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This book proposes that phonological contrast, in particular the robustness of a phonemic contrast, does not depend solely on the presence of minimal pairs, but is instead affected by a set of phonetic, usage-based, and systemic factors. This perspective opens phonology to a more direct interpretation through phonetic analysis, undertaken in a series of case studies on the Romanian vowel system. Both the synchronic phonetics and morpho-phonological alternations are studied, to understand the forces that have historically shaped and now maintain the phonemic system of Romanian. A corpus study of phoneme type frequency in Romanian reveals marginal contrasts among vowels, in which a sharp distinction between allophones and phonemes fails to capture relationships among sounds. An investigation of Romanian /Ɨ/ provides insight into the historical roots of marginal contrast, and a large acoustic study of Romanian vowels and diphthongs is a backdrop for evaluating the phonetic and perceptual realization of marginal contrast. The results provide impetus for a model in which phonology, phonetics, morphology and perception interact in a multidimensional way.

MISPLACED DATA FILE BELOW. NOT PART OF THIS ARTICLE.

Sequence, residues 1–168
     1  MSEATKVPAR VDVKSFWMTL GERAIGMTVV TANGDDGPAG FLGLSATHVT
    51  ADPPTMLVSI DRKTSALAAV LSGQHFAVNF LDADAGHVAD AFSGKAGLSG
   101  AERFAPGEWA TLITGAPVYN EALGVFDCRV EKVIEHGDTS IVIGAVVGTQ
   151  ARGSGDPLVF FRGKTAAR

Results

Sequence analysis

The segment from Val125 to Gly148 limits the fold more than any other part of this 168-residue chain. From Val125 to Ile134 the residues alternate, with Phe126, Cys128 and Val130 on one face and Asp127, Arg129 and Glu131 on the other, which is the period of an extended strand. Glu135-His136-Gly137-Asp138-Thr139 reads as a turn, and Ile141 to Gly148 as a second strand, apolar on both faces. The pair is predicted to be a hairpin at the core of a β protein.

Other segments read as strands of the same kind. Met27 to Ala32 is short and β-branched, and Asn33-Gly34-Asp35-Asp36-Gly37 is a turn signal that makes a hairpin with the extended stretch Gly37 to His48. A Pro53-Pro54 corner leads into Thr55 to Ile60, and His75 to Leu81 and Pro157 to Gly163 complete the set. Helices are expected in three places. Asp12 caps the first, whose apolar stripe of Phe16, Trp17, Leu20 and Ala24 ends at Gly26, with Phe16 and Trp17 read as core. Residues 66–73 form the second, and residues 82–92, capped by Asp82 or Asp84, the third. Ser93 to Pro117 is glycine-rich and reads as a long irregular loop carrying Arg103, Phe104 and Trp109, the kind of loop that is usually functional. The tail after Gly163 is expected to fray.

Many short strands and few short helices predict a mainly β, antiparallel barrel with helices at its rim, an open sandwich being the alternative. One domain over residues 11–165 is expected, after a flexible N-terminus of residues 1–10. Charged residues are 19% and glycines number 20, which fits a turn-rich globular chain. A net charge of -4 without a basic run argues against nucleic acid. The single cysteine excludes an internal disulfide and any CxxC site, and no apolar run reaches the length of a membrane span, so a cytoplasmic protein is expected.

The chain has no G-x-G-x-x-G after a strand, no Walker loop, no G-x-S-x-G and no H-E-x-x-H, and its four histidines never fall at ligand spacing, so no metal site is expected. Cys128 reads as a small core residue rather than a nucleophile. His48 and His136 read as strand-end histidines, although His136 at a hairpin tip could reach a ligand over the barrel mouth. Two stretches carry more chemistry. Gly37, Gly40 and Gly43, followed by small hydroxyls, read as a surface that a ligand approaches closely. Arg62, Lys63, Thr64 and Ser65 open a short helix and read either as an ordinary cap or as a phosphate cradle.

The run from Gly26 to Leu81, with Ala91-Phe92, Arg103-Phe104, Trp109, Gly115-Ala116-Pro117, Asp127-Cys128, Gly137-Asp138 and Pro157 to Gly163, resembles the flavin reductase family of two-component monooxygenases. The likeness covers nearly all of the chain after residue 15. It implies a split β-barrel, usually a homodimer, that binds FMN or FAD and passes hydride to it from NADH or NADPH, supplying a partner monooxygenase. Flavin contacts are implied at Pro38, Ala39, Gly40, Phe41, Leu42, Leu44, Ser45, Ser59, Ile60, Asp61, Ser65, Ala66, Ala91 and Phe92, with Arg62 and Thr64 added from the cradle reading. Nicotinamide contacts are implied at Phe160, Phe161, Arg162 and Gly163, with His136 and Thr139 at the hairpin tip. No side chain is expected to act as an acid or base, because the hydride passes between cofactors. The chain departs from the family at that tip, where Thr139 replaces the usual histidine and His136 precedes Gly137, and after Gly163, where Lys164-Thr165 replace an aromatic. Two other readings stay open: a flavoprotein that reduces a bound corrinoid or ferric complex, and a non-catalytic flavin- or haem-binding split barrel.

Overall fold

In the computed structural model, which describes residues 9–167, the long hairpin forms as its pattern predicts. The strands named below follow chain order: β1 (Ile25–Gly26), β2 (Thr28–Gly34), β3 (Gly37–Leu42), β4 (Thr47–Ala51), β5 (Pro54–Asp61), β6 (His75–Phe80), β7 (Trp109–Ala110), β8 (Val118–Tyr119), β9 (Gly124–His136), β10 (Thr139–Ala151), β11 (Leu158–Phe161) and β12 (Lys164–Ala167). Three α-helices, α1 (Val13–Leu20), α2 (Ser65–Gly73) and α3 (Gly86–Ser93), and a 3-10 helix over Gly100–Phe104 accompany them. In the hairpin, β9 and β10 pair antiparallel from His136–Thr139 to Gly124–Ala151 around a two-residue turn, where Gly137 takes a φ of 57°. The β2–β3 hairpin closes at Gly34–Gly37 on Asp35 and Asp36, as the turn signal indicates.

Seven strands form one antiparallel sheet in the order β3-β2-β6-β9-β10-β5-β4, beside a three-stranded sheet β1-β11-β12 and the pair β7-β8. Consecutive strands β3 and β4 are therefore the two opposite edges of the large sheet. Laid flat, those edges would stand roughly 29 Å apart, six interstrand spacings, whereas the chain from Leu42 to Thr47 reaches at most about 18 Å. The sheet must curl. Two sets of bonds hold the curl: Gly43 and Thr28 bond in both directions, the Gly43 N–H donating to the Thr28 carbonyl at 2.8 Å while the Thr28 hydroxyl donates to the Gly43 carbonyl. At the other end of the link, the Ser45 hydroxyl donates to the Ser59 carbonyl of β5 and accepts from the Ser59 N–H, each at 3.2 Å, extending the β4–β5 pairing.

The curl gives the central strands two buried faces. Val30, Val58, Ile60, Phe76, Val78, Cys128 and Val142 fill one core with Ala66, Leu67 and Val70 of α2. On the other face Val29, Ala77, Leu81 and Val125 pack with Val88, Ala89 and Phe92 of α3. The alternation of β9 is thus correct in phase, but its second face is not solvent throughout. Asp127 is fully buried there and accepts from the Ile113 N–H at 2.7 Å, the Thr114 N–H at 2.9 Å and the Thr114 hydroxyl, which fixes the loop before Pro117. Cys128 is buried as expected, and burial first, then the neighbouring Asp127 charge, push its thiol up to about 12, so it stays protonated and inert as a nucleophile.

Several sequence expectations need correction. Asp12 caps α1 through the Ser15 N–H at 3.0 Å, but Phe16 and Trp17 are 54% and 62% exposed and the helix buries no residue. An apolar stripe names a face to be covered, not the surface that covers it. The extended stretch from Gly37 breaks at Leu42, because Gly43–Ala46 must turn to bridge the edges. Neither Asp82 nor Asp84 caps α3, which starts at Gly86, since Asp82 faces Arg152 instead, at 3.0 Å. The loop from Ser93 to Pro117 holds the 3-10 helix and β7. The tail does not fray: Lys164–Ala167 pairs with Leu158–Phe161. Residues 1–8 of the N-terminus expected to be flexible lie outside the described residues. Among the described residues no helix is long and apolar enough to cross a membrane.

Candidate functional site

Margaret E. L. Renwick, University of Georgia, USA.
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